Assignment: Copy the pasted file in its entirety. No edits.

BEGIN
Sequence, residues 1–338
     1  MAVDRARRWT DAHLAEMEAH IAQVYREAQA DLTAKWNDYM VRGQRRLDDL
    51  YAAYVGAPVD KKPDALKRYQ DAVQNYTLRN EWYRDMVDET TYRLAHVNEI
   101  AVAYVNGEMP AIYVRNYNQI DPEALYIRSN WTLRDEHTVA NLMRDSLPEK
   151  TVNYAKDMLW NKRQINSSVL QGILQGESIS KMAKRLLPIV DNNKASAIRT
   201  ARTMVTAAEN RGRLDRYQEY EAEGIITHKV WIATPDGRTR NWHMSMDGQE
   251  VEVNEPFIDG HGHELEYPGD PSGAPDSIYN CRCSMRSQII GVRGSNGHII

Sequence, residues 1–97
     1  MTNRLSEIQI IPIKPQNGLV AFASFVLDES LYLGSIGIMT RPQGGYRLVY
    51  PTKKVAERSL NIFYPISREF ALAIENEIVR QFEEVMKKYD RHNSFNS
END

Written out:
Sequence, residues 1–338
     1  MAVDRARRWT DAHLAEMEAH IAQVYREAQA DLTAKWNDYM VRGQRRLDDL
    51  YAAYVGAPVD KKPDALKRYQ DAVQNYTLRN EWYRDMVDET TYRLAHVNEI
   101  AVAYVNGEMP AIYVRNYNQI DPEALYIRSN WTLRDEHTVA NLMRDSLPEK
   151  TVNYAKDMLW NKRQINSSVL QGILQGESIS KMAKRLLPIV DNNKASAIRT
   201  ARTMVTAAEN RGRLDRYQEY EAEGIITHKV WIATPDGRTR NWHMSMDGQE
   251  VEVNEPFIDG HGHELEYPGD PSGAPDSIYN CRCSMRSQII GVRGSNGHII

Sequence, residues 1–97
     1  MTNRLSEIQI IPIKPQNGLV AFASFVLDES LYLGSIGIMT RPQGGYRLVY
    51  PTKKVAERSL NIFYPISREF ALAIENEIVR QFEEVMKKYD RHNSFNS